Today, science can only patch up bald spots or stop hair loss. What if you could re-grow your hair one day? Research is quickly moving in that direction.
In 1990, a scientist named Colin Jahoda at the University of Durham took hair follicle cells from his head, cultured them in a laboratory and then implanted them on his wife's arm. Eventually, a thick dark hair sprouted from in between her blond, fine arm hair. When the hair was analyzed, it contained Colin's DNA. Excited by his results, Jahoda tried a similar experiment in mice. In 1992, he took cells from the follicle of a mouse whisker, copied them in the lab, and then transplanted them into a mouse's ear. The mouse grew a whisker from its ear.
Since then, researchers have been trying to get hair follicle cells to multiply. Hair follicle cells can change not only themselves, but the cells around them to transform into hair. The idea would be to clone the cells in the lab, then transplant them onto a human head, where they would grow into real follicle cells sprouting real hair.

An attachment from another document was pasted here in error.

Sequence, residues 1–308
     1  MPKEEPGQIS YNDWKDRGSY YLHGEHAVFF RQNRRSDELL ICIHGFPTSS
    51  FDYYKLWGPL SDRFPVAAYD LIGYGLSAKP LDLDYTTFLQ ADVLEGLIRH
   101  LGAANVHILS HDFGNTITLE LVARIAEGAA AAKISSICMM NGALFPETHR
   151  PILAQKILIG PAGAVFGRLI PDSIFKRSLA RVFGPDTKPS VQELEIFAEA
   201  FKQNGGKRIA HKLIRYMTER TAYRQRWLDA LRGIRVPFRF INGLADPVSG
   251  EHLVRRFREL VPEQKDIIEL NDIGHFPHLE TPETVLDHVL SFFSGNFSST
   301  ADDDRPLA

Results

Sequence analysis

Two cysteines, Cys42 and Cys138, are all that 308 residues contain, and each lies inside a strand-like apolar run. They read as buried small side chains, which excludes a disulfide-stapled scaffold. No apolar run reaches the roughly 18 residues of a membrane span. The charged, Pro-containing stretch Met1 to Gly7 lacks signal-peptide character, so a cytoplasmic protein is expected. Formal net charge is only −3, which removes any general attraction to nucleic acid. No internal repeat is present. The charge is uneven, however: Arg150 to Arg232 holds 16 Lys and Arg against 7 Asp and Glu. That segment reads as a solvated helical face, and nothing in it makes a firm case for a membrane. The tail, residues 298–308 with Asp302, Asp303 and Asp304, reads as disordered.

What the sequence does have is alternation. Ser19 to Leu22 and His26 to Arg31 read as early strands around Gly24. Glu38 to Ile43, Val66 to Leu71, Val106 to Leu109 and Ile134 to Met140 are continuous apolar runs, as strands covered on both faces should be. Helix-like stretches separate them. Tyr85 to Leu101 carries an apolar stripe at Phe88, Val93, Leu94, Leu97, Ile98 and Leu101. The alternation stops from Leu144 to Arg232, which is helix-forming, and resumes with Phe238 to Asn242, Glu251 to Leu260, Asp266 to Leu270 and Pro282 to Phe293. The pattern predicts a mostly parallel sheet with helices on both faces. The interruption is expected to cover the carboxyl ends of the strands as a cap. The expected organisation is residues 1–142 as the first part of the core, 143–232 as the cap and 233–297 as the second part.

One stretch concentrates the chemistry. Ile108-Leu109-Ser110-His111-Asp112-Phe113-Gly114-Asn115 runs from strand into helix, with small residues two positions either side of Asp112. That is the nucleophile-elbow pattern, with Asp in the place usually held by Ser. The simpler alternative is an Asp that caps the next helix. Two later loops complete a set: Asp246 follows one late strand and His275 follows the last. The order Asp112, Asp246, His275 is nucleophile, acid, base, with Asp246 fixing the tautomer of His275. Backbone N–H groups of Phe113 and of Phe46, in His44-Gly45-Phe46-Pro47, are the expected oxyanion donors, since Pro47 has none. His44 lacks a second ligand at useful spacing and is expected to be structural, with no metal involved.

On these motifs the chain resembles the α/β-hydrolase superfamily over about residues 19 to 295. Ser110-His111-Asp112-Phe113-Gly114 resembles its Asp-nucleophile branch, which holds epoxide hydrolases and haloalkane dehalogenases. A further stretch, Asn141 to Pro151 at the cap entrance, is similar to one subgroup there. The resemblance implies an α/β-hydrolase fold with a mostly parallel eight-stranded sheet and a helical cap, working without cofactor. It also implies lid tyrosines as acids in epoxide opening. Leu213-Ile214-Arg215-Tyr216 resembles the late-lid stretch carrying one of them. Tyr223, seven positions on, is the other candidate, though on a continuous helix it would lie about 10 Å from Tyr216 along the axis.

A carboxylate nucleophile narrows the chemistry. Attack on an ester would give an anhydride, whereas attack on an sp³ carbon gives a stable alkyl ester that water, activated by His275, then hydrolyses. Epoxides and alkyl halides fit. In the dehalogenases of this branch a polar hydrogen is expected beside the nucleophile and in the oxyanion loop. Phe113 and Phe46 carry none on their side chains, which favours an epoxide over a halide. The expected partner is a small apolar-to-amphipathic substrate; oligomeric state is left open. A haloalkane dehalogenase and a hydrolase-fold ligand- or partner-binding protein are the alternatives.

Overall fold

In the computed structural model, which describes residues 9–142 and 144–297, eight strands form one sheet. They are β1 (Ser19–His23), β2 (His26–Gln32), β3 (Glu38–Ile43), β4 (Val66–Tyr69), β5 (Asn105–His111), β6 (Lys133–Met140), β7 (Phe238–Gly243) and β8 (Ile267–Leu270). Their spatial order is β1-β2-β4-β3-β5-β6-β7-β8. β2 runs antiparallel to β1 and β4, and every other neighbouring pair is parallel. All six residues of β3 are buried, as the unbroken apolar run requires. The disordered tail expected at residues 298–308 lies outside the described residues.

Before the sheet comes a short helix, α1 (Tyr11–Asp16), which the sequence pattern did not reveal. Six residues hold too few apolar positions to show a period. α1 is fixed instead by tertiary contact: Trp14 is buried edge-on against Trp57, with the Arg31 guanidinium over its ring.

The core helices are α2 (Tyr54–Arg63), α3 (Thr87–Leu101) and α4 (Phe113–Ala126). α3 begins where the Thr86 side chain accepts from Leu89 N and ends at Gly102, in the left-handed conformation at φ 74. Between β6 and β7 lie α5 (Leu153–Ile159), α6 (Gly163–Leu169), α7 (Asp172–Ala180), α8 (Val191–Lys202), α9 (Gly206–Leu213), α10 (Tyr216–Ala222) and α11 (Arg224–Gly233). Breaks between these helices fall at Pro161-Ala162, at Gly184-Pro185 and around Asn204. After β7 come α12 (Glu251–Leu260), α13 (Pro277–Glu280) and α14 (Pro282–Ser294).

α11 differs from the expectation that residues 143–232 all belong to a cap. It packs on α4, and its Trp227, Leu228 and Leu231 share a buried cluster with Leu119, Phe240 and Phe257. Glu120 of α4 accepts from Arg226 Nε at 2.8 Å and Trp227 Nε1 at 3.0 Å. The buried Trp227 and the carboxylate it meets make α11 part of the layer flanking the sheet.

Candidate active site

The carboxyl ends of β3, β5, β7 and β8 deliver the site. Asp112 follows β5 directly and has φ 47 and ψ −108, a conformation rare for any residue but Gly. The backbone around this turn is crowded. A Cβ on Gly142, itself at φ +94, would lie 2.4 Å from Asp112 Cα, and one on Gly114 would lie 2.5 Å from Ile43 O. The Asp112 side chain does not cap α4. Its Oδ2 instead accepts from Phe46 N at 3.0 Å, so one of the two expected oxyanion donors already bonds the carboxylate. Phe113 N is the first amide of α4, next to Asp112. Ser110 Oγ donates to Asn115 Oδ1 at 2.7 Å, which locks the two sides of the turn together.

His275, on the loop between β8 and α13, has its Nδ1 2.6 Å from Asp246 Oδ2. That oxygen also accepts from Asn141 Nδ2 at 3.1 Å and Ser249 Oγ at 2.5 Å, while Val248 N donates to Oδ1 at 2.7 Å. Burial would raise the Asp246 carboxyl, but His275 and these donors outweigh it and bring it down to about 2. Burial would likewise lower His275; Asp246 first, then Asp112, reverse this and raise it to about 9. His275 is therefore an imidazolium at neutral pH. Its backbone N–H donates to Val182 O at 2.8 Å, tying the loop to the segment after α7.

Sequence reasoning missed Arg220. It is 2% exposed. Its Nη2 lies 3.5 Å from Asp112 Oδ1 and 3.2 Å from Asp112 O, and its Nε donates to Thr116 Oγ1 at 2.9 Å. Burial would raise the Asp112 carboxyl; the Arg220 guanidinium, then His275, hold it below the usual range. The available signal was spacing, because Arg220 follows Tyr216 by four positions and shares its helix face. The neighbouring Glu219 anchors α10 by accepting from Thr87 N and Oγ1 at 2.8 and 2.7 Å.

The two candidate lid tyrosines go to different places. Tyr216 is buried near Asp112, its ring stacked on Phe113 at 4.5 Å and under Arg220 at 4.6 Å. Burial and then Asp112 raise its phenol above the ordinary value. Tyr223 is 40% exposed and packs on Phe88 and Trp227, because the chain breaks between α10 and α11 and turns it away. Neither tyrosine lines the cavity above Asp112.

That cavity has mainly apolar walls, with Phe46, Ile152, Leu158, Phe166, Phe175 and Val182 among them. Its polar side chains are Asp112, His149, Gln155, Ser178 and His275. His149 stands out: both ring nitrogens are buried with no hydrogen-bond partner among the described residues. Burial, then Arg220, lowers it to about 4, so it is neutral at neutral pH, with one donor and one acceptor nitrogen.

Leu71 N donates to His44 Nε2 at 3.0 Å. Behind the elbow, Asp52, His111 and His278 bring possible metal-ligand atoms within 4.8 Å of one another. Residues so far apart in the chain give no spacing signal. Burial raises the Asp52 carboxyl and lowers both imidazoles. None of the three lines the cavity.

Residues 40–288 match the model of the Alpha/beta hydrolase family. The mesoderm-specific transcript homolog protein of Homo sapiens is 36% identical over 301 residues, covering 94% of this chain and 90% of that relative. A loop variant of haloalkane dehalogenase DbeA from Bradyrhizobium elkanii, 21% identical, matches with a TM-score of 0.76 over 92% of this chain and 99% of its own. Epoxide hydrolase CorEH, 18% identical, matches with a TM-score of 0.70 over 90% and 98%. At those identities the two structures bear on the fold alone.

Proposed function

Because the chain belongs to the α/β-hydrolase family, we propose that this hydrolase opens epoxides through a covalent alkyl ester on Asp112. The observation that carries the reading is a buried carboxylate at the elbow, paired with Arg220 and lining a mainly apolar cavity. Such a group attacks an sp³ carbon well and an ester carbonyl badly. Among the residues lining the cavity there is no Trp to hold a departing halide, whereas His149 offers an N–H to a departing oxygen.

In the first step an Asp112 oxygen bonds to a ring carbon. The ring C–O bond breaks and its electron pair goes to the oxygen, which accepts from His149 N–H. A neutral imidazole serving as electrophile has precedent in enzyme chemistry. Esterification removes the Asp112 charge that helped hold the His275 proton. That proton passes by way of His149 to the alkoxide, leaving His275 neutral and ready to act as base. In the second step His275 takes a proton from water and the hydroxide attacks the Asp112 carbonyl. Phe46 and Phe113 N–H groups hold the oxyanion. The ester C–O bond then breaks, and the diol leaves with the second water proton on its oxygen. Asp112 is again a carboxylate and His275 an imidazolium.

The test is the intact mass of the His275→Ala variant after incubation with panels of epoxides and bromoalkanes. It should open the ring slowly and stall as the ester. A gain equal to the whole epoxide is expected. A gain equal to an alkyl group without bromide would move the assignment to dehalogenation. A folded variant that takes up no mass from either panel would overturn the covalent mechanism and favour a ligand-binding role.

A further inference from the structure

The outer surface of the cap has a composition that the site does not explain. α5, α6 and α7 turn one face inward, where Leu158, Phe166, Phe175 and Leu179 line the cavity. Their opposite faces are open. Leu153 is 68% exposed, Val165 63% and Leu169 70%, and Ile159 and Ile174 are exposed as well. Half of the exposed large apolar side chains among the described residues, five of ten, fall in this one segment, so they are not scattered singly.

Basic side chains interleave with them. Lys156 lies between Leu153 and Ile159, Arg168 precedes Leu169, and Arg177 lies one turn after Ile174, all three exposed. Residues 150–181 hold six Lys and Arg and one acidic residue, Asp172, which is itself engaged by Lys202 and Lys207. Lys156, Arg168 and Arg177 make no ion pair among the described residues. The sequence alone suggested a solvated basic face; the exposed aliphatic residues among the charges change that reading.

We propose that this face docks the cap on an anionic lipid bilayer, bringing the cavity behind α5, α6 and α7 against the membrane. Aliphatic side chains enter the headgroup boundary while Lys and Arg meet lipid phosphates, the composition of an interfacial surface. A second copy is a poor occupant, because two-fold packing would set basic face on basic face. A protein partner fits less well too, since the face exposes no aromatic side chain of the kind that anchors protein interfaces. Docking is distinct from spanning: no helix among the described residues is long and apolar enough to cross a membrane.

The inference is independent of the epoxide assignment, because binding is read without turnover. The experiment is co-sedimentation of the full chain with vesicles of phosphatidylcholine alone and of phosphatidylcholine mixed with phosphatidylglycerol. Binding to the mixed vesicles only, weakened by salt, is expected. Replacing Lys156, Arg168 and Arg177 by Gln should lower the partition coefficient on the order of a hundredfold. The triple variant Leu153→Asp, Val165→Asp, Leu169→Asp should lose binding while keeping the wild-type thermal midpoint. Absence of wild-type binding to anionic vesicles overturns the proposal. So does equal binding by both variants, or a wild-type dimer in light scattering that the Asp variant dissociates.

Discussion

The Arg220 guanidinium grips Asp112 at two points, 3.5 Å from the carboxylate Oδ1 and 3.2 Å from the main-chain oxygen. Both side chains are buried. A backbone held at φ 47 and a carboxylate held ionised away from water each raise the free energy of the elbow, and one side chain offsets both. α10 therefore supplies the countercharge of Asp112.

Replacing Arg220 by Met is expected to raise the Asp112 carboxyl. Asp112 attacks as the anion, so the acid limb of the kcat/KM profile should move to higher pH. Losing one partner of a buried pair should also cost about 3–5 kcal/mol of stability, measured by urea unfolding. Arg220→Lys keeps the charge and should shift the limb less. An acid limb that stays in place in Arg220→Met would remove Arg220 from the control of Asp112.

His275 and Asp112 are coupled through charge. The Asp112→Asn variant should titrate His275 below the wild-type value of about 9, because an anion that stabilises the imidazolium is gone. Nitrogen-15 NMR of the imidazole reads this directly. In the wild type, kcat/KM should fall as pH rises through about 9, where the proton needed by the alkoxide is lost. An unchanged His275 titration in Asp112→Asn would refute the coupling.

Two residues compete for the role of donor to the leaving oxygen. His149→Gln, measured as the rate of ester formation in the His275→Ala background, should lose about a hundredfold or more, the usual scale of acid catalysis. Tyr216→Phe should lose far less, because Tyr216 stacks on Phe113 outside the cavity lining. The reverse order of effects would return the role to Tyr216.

Even more malleable are stem cells, which can transform into many different types of cells. When researchers at Rockefeller University transplanted stem cells into genetically engineered hairless mice, the mice grew patches of fur. Now scientists are trying to replicate the effects in humans.
Another avenue of hair regeneration research focuses on genes. Scientists at the University of Pennsylvania have discovered a gene, called wnt, which produced new hair follicles in mice. Researchers hope that one day it might be possible to use this or similar genes to grow new follicles in humans. With gene therapy, scientists might also be able to eventually block the action of genes that cause hair loss. However, because hair loss involves a complex interplay of genes and hormones, a "cure" for baldness is likely still many years away.
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